Mixing it with moorhens
Mixing it with moorhens
A fellow WNS member observed a fascinating bit of bird behaviour on March 26th on the Wharfe. It starred a couple of moorhens – usually quiet, unobtrusive birds that scoot for cover when disturbed as they bob along the water or forage in adjacent fields. This is his account:
“Two birds were carrying their bodies almost erect and almost out of the water, held in that position by their wings fanned out on the water surface. They were fighting furiously with their feet that appeared to become interlocked at times. I cannot be certain of this (the fighting was so furious) but they appeared to be using their bills as well at times. They drifted away with the current still fighting.”
Such extreme aggression would not be surprising in the moorhens’ relative, the coot – that sooty black bird with the white forehead or frontal shield. Coots generally live in large groups and seem particularly noisy and irritable characters, charging across the water, head lowered menacingly to see off a fancied rival and frequently resorting to the kind of foot-sparring described above.
Moorhens, on the other hand, have always seemed to me to be rather peaceable characters. They have an interestingly cooperative family life: two females, perhaps, but not necessarily, related, may have the same mate and lay eggs in the same nest and share parental duties. However, it must also be said that females do lay eggs in other females’ nests and abandon all further responsibility for them. They also, apparently, can fight viciously – so not entirely gentle new-age characters after all!
With the race now on to gain and maintain a breeding territory, this must be a particularly stressful time for birds. My friend’s story reminded me of an occasion in May when I was walking in Middleton Woods. Ahead of me on the track I saw what I thought was a dead bluetit. As I got nearer I saw the pathetic heap of feathers was in fact two bluetits, not dead at all but with their claws apparently locked together in mortal combat. Horrified, I bleated – Oh, stop it! – whereupon the claws untangled and the two combatants flew off.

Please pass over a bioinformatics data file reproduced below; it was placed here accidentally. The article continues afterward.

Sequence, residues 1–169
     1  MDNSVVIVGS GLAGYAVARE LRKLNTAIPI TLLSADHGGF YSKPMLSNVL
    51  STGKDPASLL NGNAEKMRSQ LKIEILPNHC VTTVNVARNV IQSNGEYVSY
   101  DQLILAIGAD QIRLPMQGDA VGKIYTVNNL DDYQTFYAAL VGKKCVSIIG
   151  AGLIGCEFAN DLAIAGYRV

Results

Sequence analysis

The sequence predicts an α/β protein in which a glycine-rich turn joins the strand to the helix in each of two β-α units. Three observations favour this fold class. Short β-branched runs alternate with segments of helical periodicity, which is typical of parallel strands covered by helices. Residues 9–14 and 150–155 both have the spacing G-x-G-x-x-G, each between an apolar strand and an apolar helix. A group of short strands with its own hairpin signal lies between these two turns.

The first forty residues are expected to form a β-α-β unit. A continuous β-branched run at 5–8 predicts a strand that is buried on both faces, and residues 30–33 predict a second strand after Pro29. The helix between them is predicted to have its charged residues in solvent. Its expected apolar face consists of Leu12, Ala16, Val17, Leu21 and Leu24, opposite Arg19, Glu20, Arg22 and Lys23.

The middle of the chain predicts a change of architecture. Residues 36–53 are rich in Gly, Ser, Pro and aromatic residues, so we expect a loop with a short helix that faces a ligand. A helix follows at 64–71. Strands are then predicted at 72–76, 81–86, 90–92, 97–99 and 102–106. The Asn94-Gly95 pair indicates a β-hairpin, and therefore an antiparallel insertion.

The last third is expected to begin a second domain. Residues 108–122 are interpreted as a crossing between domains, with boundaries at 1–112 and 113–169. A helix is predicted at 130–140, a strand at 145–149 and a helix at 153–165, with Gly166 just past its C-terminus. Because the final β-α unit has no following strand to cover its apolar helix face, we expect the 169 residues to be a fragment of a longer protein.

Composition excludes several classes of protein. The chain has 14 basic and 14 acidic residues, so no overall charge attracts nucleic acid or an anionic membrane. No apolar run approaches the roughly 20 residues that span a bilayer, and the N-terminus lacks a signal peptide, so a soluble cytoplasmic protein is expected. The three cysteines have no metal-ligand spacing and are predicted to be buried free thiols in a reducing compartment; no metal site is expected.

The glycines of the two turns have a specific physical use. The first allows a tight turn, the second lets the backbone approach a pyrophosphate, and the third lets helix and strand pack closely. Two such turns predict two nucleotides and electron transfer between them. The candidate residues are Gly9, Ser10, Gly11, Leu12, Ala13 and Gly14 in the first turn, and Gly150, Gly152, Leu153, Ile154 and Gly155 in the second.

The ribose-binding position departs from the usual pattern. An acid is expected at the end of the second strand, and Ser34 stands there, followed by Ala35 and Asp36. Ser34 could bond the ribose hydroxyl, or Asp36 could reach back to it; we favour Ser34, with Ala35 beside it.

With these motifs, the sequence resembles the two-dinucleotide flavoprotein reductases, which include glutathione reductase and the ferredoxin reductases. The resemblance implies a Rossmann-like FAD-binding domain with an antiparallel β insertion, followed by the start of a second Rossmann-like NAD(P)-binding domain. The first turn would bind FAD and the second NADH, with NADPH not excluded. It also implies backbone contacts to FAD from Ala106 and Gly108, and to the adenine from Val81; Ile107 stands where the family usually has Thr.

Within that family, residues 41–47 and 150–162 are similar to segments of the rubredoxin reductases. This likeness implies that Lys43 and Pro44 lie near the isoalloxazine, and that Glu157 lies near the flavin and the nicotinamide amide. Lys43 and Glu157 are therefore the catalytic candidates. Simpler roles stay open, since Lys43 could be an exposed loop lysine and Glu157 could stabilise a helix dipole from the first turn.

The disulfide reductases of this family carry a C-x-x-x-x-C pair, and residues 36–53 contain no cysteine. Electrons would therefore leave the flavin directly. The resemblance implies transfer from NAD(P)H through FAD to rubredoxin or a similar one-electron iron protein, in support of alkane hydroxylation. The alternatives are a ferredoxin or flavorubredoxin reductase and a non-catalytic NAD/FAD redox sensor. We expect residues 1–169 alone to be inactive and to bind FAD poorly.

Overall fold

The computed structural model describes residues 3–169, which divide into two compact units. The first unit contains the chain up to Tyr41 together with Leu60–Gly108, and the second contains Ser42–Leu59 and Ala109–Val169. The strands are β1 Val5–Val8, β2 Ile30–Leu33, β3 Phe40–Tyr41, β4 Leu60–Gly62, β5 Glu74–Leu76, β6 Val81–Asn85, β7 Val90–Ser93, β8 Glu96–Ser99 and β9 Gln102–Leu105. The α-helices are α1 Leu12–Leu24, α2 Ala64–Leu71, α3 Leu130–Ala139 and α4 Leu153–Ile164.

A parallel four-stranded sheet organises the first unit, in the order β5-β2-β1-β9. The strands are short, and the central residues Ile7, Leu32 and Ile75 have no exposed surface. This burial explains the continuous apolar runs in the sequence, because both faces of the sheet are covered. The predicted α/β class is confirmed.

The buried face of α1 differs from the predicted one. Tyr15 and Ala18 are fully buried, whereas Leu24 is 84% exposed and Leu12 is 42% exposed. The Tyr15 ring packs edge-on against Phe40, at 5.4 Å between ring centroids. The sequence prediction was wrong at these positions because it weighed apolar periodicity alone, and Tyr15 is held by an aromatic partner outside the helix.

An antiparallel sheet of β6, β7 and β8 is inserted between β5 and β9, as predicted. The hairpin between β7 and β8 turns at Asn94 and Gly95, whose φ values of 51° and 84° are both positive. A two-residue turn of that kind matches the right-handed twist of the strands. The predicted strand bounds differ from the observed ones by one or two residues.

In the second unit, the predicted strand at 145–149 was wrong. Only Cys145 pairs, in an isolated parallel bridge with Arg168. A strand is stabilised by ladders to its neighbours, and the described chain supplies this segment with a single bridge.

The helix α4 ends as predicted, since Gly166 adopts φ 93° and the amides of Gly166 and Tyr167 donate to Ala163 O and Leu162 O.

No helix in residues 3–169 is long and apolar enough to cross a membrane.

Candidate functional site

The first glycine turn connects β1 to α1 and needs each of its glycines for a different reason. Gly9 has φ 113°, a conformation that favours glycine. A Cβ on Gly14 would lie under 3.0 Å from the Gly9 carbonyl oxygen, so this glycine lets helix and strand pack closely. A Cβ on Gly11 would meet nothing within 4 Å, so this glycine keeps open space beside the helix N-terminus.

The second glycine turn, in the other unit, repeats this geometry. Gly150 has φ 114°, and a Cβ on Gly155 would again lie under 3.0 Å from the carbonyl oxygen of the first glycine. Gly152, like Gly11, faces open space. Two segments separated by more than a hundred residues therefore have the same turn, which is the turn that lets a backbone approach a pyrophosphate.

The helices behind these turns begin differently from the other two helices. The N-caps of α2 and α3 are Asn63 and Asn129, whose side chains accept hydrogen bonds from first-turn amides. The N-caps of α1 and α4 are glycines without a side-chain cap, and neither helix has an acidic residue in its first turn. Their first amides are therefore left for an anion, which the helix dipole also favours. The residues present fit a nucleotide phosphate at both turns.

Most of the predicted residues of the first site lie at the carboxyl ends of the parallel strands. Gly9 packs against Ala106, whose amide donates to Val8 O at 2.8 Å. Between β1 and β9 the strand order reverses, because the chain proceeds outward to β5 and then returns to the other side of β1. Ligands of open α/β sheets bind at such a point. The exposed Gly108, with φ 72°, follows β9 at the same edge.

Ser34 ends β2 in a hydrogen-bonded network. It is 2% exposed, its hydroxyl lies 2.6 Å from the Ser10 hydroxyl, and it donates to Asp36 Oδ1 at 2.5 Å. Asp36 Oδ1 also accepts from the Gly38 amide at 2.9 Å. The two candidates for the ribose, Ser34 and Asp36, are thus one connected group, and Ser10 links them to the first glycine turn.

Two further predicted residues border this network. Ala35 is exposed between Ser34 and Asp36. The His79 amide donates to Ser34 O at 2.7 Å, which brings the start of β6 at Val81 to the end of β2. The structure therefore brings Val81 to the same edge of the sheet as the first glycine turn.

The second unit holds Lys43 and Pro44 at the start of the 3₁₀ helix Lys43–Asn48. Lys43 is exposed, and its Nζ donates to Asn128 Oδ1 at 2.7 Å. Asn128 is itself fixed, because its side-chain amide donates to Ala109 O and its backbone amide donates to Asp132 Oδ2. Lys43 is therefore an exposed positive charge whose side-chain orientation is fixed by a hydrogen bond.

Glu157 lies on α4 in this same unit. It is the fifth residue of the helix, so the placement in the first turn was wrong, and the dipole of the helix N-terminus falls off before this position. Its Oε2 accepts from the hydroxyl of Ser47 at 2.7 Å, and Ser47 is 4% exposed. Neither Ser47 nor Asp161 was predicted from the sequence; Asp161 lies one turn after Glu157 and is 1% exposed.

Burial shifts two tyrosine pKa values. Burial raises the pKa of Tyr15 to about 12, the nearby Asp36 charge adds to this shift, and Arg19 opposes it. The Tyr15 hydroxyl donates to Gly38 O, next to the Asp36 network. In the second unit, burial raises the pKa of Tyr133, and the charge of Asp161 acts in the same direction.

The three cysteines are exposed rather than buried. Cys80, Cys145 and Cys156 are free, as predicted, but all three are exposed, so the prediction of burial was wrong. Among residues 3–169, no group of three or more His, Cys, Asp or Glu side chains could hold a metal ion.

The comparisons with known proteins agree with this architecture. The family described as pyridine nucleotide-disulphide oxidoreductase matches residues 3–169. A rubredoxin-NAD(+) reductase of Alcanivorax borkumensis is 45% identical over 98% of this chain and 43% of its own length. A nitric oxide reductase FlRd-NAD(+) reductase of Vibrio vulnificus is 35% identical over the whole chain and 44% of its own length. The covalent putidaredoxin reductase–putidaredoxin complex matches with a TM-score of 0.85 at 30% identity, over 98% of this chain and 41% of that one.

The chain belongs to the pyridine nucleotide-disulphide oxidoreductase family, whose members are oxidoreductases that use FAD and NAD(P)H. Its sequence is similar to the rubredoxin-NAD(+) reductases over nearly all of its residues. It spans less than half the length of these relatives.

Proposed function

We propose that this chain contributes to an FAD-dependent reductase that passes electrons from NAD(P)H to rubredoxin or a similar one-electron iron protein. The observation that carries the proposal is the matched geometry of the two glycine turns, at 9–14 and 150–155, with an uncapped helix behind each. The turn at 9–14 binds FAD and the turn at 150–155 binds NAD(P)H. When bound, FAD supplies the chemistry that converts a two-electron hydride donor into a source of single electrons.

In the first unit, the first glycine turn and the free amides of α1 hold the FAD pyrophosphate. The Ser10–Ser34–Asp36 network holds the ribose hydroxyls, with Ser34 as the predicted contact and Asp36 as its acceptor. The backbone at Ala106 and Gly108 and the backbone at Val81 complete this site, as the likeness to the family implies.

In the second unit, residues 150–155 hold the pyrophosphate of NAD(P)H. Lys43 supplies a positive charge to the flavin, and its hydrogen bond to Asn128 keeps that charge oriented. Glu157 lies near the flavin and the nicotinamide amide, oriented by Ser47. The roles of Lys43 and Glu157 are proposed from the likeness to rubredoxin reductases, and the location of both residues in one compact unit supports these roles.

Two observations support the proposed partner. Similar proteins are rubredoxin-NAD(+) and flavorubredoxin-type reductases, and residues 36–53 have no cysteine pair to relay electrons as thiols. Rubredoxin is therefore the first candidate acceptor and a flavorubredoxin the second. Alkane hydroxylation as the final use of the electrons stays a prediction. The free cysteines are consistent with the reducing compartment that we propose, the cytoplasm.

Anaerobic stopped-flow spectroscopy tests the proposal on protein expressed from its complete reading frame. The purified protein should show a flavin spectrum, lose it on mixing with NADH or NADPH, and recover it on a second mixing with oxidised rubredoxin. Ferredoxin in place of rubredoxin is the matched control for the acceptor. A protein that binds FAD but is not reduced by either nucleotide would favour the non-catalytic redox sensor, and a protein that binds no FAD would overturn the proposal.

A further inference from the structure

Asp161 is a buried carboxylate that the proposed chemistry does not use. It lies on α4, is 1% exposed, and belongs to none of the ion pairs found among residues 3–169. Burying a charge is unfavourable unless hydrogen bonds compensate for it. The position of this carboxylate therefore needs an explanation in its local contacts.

Meanwhile, other Wharfedale naturalists are monitoring the adder population on our local moorland. Adders hibernate communally and, given a sunny day, are out and about, warming up and preparing to mate. This can be as early as February. One of our experts told me that, on the last day of March near a hibernation site in upper Washburn, he counted five together – two larger, greeny-brown females, two handsome bluey-grey males and one smaller individual only about 18 inches long and of a reddish brown colour, indicating that it was a juvenile born last year. After mating the adders will disperse over the adjoining moorland, but you may be lucky enough to catch sight of one basking in the sunshine on a rock or clearing in the vegetation. Keep your distance – remember, these are shy creatures.